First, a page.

Humanitarian CrisesNews

944 Killed In North Kivu, Ituri Regions Of DR Congo Since May

The deaths in the region have occured since May despite a state of siege being placed to reduce attacks.

At least 16 civilians were killed on Wednesday, Oct. 20, night by rebels of the Allied Democratic Forces (ADF) in the Beni region of the eastern Democratic Republic of Congo.

This death toll brings to at least 944 people that have been killed in North Kivu and Ituri regions of the country since the declaration of a state of siege in the two regions by President Felix Tshisekedi on May 6, 2021.

According to the Kivu Security Barometer (KSB), the 16 civilians were killed in the villages of Mayele, Kalembo, and Toya in Beni territory of North Kivu and the ADF is suspected to have carried out all the killings.

However, Maleki Mulala, the Coordinator of the civil society in Kivu, says “the casualty figure of the massacre carried out by the ADF enemy is 18 persons killed and 10 other persons reported missing.”


Meanwhile, Captain Anthony Mwalushayi, the army spokesperson in the Beni region, said during a patrol in the village of Kakembo about five kilometres from Bulongo, the national armed forces of DR Congo, FARDC clashed with a group of ADF and Madina at Tauheed Wau Mujahedeen (MTM) terrorists. He did not give casualty figures.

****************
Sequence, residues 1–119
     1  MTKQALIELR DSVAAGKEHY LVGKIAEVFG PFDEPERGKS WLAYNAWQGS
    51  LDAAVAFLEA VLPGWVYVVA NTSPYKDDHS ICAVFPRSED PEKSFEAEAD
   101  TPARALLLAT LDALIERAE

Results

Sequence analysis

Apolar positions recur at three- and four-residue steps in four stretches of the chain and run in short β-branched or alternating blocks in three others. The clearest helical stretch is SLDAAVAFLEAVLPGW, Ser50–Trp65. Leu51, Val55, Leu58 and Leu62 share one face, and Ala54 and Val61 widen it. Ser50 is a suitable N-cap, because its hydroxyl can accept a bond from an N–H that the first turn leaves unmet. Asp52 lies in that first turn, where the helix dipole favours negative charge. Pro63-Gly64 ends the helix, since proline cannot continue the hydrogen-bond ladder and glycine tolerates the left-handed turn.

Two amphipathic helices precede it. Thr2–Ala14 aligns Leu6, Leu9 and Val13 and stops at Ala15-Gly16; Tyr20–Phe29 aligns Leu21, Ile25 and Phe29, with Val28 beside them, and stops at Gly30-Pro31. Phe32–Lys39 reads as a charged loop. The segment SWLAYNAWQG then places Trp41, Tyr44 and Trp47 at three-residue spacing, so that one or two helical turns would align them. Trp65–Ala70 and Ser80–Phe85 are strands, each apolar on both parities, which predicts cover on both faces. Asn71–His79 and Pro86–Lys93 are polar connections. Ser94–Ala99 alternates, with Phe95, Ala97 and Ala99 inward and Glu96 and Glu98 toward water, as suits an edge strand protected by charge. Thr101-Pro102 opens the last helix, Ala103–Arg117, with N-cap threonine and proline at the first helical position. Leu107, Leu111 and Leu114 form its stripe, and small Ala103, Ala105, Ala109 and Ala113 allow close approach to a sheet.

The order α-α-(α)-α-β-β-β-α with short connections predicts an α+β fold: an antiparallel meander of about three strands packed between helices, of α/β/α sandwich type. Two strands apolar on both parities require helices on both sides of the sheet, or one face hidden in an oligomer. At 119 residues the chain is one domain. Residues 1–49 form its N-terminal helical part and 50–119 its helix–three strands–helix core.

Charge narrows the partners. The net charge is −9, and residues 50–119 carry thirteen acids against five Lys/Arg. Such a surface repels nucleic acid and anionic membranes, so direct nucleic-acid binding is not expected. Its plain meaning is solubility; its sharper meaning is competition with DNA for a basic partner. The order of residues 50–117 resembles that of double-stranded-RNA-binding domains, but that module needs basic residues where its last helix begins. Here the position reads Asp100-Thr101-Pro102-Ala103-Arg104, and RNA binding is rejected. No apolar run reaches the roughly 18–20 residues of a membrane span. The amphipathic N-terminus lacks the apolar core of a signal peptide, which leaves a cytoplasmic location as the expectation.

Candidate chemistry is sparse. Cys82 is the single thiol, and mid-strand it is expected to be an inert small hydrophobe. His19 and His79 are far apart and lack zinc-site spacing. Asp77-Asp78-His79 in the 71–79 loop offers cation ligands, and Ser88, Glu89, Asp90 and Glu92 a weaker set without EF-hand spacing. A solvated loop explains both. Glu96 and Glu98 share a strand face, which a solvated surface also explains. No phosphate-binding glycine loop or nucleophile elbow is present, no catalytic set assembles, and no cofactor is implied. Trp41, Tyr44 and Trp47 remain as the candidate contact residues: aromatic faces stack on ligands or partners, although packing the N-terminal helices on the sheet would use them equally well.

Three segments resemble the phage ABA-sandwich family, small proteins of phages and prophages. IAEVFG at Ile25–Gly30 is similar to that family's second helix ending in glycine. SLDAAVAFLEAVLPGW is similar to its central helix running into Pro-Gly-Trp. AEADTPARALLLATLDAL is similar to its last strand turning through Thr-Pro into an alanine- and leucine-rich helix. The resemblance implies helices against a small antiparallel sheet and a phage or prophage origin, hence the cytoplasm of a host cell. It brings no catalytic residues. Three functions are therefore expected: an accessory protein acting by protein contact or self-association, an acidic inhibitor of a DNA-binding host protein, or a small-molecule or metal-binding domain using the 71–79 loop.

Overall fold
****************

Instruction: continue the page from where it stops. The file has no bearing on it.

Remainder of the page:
Since May, the provinces of North Kivu and Ituri in the eastern DR Congo have been under a state of siege declared by President Tshisekedi to counter increased rebel activities in the provinces especially by rebels of the ADF.

Beni in the north of North Kivu is at the heart of the zone where the ADF, considered as the most murderous of the armed groups, has been operating for a quarter century now.

Since 2019, the Islamic State has been claiming responsibility for some of the attacks carried out by the ADF against civilians and FARDC positions.

The Islamic State presents the ADF as its branch in the Central Africa Province (ISCAP).


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Chief Bisong Etahoben

Chief Bisong Etahoben is a Cameroonian investigative journalist and traditional ruler. He writes for international media and has participated in several transnational investigations. Etahoben won the first-ever Cameroon Investigative Journalist Award in 1992. He serves as a member of a number of international investigative journalism professional bodies including the Forum for African Investigative Reporters (FAIR). He is HumAngle's Francophone and Central Africa editor.

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